Family Business on the French Stock Market

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Performance and Behavior of Family Firms: Evidence from the French Stock Market


While, since Berle and Means, financial economists have devoted a lot of attention to large, listed and widely held corporations, it turns out that most firms around the world have a dominant owner, in many instances the founding family.1 In addition, founding families are often involved in the actual management of the firm. In our own sample, which comprises the set of all listed French firms, more than 60% of the firms are still managed by their founding family. Even among the largest US firms, Anderson and Reeb (2003) report that some 16% of their sample of S&P500 firms are still managed by their founders or descendants. Therefore, the premises of the Berle and Means model of the corporation where (1) the CEO is not an owner and (2) ownership is dispersed, do not apply to most firms around the world.
The relevant view on world capitalism is thus that the typical large listed firm is owned, and frequently managed, by a family. This new perspective calls forth a research agenda on the specific features of dynastic management and ownership. Do family firms maximize profit? Are they more prone to building family empire at the expense of minority shareholders? Are they too prudent, slow reacting? On the contrary, are they more cool-headed and better at avoiding fads? More generally, do they behave any differently from the widely held corporations that academics know so well?
To bridge this gap, this paper provides evidence on the performance and behavior of family firms in France.
We believe the French example is of interest for two reasons. First, France is a continental European country, and as a consequence its financial institutions and history differ markedly from English-speaking countries, where most systematic studies on family firms have been conducted so far.2 In particular, family firms are much more prevalent even among the largest firms and therefore much more representative of the economy than in the US. The second reason is that, in contrast to many continental European countries, France also has a lot of widely held firms, which tend to be very much US-like managerial firms – no dominant owner and an entrenched management. This gives us access to a large enough control group to compare family firms to.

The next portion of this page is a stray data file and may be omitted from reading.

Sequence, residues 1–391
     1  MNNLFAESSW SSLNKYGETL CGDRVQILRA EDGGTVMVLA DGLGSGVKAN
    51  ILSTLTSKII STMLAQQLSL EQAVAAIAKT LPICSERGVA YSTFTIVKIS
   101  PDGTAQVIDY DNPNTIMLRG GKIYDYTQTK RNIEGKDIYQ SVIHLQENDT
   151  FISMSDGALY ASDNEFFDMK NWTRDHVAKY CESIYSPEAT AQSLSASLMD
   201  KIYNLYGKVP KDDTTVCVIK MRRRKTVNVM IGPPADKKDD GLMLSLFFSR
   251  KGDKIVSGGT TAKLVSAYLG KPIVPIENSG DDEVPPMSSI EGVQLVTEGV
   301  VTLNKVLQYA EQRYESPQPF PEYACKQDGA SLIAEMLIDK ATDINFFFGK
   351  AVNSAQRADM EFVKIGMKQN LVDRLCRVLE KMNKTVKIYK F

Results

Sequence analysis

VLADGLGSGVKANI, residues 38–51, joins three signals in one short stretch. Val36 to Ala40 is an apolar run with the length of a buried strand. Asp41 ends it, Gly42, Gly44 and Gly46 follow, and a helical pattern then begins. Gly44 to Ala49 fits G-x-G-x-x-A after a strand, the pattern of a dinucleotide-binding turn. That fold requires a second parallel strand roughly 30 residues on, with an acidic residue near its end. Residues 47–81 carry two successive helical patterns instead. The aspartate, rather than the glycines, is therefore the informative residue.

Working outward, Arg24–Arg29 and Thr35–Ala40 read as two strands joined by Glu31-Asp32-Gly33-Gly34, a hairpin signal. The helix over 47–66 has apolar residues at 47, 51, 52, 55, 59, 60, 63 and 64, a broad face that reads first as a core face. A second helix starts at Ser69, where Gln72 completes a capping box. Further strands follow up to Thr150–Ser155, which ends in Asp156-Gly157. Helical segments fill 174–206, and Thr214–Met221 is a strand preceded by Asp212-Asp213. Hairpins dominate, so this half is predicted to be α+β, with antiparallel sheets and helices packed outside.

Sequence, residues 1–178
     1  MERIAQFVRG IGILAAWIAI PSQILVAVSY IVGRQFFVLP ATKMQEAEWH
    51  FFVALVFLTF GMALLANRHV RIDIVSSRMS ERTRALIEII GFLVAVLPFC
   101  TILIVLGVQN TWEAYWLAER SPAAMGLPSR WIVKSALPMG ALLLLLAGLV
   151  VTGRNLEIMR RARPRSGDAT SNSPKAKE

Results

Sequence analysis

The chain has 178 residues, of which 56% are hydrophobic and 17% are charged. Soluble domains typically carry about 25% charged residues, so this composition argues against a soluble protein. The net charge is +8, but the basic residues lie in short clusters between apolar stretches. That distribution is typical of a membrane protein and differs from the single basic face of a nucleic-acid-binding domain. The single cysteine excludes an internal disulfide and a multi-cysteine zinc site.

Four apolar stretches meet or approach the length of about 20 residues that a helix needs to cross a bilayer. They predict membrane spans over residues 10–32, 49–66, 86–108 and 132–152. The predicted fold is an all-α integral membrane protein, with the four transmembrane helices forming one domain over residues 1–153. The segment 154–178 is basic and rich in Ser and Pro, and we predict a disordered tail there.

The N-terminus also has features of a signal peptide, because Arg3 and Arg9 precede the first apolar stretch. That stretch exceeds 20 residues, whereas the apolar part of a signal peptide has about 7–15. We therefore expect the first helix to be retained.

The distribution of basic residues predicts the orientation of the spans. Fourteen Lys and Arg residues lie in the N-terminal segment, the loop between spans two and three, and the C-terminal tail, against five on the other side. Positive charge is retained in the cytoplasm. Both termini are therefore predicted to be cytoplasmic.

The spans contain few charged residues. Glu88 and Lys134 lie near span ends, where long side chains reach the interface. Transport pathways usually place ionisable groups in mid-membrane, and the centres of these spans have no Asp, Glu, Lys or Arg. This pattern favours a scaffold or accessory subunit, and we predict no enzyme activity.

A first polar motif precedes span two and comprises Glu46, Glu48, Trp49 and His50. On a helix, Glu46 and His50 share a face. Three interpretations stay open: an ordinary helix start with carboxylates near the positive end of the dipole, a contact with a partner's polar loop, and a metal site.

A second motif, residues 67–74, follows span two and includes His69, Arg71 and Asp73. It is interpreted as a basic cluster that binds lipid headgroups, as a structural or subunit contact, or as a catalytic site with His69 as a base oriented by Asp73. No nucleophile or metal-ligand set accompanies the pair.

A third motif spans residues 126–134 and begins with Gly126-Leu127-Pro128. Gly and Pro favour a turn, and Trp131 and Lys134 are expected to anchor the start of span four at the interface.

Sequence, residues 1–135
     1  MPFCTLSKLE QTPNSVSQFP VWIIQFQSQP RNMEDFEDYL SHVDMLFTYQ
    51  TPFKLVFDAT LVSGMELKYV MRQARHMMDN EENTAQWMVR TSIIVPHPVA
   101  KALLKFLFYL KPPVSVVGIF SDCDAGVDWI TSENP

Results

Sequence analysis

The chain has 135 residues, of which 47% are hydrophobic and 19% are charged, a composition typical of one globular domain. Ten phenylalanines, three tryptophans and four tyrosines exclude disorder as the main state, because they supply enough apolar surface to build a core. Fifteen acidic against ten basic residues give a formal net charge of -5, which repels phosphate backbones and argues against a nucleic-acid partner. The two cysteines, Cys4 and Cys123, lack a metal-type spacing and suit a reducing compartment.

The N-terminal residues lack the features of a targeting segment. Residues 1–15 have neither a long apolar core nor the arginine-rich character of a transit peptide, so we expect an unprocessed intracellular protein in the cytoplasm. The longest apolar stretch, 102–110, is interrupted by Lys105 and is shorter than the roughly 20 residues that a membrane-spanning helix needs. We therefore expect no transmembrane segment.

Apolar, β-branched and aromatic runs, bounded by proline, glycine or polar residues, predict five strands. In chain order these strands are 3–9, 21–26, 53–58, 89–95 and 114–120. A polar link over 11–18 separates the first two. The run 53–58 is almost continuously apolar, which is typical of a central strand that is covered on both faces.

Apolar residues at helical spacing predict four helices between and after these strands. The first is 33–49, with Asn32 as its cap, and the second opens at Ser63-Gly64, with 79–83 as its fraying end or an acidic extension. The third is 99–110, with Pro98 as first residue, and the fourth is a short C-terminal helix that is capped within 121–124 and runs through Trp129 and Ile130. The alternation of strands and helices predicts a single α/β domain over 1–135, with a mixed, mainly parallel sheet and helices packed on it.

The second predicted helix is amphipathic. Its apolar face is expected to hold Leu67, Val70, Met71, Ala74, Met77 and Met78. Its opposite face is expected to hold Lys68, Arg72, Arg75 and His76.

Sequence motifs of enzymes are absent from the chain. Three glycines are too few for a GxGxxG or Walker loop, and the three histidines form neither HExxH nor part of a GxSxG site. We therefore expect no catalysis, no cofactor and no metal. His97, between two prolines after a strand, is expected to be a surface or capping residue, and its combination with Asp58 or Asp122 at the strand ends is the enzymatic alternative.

We collected data on some 1,000 corporations listed on the French stock market over the 1994-2000 period. Our panel has information on the firm (employment, corporate accounts, acquisitions, stock returns) and on the founding family (ownership, management). This dataset is supplemented with information on acquisitions, stock returns and detailed information on the wage bill and skill structure.
First, we provide cross-sectional evidence on the relative performance of family firms. Looking at accounting profitability, we find that family firms significantly outperform non family firms. Consistently with the existing literature on “founder effects”,3 we find evidence that founder-managed firms are very profitable. Also consistent with available evidence from the US (Anderson and Reeb (2003), Amit and Villalonga (2006)), family firms run by an outside CEO outperform widely held corporations. It thus seems that in France as in the US, families as large shareholders are, on average, good for performance. Much more surprisingly, we find that managers who are descendants of the firm’s founder also tend to do better than non family firms, and even marginally better than professional managers in our sample. Therefore, even if we set founders aside, family firms (whether or not run by a descendant) consistently outperform non family firms in France. A causal interpretation of such cross-sectional evidence is difficult since only the best performing firms may be transmitted to heirs. A potential solution involves looking at transmissions of control in our data (as in P´erez-Gonz´alez (2006)). While we may have too few transitions in our sample to do statistically powerful tests, we nevertheless observe that (1) descendants typically do not inherit the management of the best firms and (2) descendants whose firms leave the stock market (de-list) do not systematically underperform. Endogeneity biases are thus not likely to be large in our sample.